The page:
To withdraw your nomination you must:
- complete a withdrawal of individual nomination form (obtainable from the Returning Officer)
- sign the form in the presence of a Justice of the Peace or solicitor, and
- return the signed form to the Returning Officer no later than noon on nomination day.
A nomination cannot be withdrawn after noon on nomination day.
Death or incapacity of candidates
There are procedures in the Electoral Act that must be followed if a candidate dies or is incapacitated before nomination day, or between nomination day and the declaration of the official result.
The electors who nominated the candidate should urgently contact the Returning Officer and fill in the form to cancel the candidate’s nomination (in the case of incapacity).
A person can be nominated under the name on their birth certificate, the name conferred on them by means of an adoption order, a name they have adopted by deed poll, or a name which they have commonly been known by in the preceding 12 months. For example, a candidate commonly known as Mike Young can use this name rather than their full legal name Michael Young.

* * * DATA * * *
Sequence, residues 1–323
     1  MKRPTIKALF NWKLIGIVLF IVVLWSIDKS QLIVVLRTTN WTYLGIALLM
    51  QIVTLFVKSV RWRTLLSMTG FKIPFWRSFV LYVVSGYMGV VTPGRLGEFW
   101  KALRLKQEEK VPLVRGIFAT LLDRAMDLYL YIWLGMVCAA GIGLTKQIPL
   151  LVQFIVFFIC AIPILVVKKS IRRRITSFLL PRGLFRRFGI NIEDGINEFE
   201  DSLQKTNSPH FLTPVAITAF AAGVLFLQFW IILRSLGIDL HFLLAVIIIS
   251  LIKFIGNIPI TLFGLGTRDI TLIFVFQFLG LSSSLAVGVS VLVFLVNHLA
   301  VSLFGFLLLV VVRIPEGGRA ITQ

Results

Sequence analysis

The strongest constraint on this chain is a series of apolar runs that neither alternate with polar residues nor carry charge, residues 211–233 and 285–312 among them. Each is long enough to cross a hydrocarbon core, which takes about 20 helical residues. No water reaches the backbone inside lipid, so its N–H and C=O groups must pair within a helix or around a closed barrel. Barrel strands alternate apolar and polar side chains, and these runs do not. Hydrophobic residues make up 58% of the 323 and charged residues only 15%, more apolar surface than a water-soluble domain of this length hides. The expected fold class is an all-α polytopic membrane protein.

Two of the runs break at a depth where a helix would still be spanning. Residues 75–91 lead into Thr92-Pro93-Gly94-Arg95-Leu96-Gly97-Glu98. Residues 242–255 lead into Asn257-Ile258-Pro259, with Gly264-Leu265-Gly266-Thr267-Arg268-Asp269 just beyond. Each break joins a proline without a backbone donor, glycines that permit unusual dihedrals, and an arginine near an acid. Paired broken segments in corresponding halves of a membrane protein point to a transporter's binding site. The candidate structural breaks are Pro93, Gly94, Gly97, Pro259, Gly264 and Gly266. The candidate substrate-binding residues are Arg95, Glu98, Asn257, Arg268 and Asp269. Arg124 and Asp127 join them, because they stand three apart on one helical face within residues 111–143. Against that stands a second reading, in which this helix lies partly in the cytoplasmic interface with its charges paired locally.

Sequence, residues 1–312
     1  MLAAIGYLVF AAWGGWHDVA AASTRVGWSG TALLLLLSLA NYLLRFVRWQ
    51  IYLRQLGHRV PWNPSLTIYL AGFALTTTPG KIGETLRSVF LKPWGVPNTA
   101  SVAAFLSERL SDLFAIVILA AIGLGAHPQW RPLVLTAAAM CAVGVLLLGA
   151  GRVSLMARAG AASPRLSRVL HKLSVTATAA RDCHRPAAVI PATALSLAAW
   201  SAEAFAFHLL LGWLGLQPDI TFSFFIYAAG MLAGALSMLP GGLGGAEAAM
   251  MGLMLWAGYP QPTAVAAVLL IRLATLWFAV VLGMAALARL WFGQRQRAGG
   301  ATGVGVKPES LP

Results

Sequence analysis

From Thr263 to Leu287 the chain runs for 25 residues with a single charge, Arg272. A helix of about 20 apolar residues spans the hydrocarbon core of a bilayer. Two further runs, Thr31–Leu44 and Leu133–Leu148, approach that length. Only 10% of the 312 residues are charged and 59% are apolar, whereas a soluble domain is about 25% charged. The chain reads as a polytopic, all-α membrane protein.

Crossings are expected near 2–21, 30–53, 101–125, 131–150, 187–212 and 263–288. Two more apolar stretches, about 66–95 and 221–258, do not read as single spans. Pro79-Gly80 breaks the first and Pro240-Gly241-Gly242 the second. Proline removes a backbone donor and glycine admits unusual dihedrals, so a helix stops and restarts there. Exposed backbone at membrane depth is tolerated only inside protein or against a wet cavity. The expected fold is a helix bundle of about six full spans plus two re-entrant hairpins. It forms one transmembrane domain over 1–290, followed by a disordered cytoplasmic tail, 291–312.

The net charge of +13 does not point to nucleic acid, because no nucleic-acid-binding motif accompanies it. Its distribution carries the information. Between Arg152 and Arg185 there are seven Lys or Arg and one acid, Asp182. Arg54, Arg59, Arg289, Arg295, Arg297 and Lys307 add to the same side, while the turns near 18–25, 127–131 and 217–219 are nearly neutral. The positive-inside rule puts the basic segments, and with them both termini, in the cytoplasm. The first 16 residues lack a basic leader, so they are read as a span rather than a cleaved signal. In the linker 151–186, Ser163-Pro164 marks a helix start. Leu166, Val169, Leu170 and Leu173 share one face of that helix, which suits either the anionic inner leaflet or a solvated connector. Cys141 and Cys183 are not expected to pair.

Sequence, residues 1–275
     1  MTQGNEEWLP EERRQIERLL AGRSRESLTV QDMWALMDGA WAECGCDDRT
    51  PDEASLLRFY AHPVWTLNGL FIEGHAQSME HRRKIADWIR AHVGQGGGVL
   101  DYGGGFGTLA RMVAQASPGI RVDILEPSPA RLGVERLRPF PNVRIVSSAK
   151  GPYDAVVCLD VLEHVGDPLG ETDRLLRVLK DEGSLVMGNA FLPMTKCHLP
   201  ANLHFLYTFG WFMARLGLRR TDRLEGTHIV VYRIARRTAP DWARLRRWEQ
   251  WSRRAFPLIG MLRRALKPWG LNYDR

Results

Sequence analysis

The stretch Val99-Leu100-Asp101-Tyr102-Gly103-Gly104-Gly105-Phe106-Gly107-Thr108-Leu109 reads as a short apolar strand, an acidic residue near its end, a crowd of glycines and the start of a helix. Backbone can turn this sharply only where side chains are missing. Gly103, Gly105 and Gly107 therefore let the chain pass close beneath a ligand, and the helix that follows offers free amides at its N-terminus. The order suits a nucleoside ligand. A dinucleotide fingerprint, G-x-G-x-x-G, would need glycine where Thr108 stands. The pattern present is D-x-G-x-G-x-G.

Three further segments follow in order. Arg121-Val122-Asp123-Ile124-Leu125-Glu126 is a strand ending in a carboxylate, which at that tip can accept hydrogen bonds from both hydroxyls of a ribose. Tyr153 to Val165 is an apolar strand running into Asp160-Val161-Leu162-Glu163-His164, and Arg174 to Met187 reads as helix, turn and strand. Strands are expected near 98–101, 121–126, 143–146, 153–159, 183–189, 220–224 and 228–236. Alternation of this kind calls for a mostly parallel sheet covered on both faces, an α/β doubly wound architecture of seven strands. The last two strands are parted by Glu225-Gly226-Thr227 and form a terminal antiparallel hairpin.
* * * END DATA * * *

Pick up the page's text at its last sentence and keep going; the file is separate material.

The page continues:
Titles and honorifics are not allowed.
Order of candidates on ballot paper
Electorate candidates are arranged alphabetically by surname on the ballot paper with any registered logo to the right of the name.
Release of candidate information
Individual nomination forms are available for public inspection by a registered elector of the district at the Returning Officer’s headquarters.
When all nominations have been processed after nomination day we will publish the names of candidates on www.elections.org.nz. We do not publish biographical information, policies, telephone numbers or email addresses.
It is common for the media to ask for the telephone or email contact details for candidates, in which case we will release them unless you tell us that you do not wish us to do so.
Candidate briefing session
The Returning Officer will brief you about the election process and your responsibilities as a candidate in a by-election. You may attend or send a representative. At this session, information packs containing a variety of materials will be available.
Please contact the Returning Officer for information on the date and time of the candidate briefing.